Can the Conservatives be defeated in Wellington County?

·3 min read

It’s going to be tough for a challenger to unseat the Conservative incumbent in either of Wellington County’s two federal ridings, and if it does happen, it’s likely to be due to forces at the national not local level, says a University of Guelph political science professor.

“I would never say never, we always have elections where we have big shifts, but they’re not common,” professor Tamara Small said, evaluating the chances of a Liberal, NDP or Green candidate being elected in the county. “It’s going to be difficult.”

Wellington–Halton Hills and Perth–Wellington have both been held by the Conservative Party since the electoral districts were first contested in 2004.

Michael Chong has been the MP for Wellington–Halton Hills for the entire 17 years the riding has been in existence.

In Perth–Wellington, John Nater succeeded a fellow Conservative when he was elected for the first time in 2015.

As both men seek another term on Sept. 20, Small said they benefit from “the incumbent bonus,” the idea that incumbents tend to win again.

Plus, because the margin of their victories has been so large, it makes it difficult for other parties to recruit candidates to face them, she explained. It also means with limited funds and time, parties are likely to make the calculation it’s not worth devoting major resources to campaigns in Wellington County.

“Parties do not put their money and resources in two places," Small said. "Places that they’re going to win, and places that they’re going to lose."

Similarly you're not likely to see party leaders visit Wellington County, with the exception of Conservative Party leader Erin O'Toole who might stop by to "shore-up excitement," Small explained.

Instead parties focus on ridings that are determined to be “in play,” which generally means the difference between the first place and second place candidate is 10 per cent or less.

“Because you can move 10 per cent of voters, which means that you could win, but if you’re trying to move 20 per cent of voters, that’s a lot of people,” Small said.

Political scientist Tom Flanagan calls this "the Rule of 10."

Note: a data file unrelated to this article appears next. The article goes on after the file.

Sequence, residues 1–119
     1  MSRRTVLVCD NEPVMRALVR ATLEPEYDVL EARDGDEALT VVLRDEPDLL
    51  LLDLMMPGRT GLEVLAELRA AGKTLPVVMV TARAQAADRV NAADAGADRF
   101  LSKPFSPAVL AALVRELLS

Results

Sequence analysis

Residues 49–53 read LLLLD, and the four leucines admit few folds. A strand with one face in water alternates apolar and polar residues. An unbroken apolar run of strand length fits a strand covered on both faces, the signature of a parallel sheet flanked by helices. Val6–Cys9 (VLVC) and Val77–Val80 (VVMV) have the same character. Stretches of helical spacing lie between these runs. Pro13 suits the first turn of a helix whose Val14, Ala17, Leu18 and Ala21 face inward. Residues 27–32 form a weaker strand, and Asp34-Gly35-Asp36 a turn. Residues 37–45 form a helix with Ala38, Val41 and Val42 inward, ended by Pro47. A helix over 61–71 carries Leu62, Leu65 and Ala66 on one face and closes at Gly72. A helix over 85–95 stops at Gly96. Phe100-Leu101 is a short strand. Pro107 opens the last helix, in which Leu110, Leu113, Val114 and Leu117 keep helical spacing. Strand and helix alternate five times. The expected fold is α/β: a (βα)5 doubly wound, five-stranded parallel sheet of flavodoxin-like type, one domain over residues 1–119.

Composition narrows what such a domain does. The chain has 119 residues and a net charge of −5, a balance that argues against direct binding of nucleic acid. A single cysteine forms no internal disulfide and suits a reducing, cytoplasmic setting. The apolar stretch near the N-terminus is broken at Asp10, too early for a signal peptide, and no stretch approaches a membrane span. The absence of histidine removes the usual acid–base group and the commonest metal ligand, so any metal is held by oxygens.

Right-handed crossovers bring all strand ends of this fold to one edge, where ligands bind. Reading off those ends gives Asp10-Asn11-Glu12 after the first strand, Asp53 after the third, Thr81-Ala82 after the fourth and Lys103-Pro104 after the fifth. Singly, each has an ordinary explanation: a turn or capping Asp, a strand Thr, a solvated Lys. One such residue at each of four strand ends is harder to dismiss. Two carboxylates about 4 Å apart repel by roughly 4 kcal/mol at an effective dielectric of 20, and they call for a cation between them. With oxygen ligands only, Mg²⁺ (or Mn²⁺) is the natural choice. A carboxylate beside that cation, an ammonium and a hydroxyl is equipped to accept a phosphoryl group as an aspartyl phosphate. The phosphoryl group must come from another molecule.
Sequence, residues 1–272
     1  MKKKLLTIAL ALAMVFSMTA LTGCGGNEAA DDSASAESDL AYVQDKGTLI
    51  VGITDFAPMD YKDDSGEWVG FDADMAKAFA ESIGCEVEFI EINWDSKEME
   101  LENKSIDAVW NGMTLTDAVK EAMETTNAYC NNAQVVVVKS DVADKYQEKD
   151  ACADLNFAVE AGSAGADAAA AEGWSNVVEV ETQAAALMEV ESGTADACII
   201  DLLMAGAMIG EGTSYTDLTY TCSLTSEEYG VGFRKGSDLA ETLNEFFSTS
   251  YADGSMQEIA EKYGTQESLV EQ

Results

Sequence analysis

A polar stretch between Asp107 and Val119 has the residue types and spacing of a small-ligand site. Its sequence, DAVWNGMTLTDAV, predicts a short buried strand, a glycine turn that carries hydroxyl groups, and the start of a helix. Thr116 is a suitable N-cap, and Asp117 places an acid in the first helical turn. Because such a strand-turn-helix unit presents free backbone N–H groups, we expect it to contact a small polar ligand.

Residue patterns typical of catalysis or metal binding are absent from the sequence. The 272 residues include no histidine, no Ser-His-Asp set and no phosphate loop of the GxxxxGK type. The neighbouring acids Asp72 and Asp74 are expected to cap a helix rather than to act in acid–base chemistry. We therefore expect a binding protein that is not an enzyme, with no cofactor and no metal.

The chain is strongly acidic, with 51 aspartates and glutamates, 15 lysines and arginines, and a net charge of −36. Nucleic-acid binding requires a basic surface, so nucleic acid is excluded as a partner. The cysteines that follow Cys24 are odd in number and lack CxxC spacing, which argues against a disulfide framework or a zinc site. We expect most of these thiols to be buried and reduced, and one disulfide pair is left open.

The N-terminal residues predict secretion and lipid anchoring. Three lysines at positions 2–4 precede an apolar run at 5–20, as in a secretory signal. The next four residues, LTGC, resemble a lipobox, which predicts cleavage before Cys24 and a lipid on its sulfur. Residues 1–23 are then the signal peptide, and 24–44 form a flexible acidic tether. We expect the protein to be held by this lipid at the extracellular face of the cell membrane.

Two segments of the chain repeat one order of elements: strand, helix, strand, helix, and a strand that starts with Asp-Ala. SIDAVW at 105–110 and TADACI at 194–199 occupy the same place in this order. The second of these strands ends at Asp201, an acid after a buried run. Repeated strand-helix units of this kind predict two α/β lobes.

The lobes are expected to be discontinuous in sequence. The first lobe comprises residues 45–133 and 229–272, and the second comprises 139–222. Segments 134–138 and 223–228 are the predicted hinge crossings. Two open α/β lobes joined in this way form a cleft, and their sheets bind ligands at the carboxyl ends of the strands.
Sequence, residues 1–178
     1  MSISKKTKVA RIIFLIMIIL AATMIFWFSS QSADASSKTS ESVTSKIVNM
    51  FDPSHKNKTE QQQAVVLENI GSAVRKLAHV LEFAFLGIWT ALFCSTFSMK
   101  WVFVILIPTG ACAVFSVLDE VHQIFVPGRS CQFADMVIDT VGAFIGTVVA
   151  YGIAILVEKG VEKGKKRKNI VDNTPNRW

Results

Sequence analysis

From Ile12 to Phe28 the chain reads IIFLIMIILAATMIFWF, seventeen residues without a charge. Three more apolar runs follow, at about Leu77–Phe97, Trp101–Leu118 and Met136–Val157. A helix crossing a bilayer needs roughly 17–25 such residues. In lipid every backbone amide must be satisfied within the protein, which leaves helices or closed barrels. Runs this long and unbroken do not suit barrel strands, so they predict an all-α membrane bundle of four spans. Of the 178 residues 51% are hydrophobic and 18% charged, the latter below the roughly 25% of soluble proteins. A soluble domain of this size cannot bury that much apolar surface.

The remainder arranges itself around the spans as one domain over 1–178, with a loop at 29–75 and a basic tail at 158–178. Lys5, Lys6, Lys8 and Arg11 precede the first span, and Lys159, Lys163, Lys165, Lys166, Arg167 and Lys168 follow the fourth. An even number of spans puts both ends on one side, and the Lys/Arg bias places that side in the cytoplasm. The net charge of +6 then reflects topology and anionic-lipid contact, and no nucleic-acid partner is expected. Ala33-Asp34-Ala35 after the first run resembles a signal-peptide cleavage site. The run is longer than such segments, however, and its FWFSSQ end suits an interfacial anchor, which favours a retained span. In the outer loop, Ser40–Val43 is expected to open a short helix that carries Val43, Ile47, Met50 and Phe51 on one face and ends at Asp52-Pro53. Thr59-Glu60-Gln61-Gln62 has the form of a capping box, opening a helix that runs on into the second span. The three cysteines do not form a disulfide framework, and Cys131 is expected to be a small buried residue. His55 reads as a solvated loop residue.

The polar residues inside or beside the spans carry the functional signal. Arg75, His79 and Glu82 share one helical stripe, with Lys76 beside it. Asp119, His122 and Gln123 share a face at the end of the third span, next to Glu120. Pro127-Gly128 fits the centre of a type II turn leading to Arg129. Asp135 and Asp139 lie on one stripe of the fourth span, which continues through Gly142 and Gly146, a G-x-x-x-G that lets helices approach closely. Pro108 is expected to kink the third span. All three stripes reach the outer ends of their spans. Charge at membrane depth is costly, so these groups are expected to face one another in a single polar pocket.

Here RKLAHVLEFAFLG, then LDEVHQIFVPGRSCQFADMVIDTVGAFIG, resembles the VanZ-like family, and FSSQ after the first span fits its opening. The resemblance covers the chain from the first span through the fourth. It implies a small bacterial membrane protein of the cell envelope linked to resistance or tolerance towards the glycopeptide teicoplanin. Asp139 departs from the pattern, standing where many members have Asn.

In 2019 Chong captured 47 per cent of the vote, while the liberal candidate in second place received 28 per cent, a difference of 19 percentage points

Nater meanwhile won with 46 per cent of the vote, followed by the next closest candidate at 27 per cent, also a difference of 19 percentage points.

When big shifts that do happen, it’s most likely due to something happening on the national stage, explained Small. For example, in 2011 the Orange Wave delivered the NDP 59 seats in Quebec, a province where the party had never won more than one seat in a general election. In 2015, the Liberals swept to power after increasing their seat count fivefold from 36 to 184.

“On day-one of the campaign, it doesn't look like this is that kind of election,” said Small. “But this is going to be a campaign, in some ways, like no other.”

There’s no precedent for how voters might feel if cases suddenly surge in Ontario, making it hard to speculate on how the election might play out, said Small.

Meanwhile, candidates challenging conservative incumbents might be able to capitalize on animosity toward Premier Doug Ford, but Small's not sure it will be enough to move a critical mass of voters in Wellington County.

"If we were at 10 per cent, I might say Ford dislike might move 10 per cent," Small said. "But we're not at 10 per cent."

Alison Sandstrom, Local Journalism Initiative Reporter, GuelphToday.com

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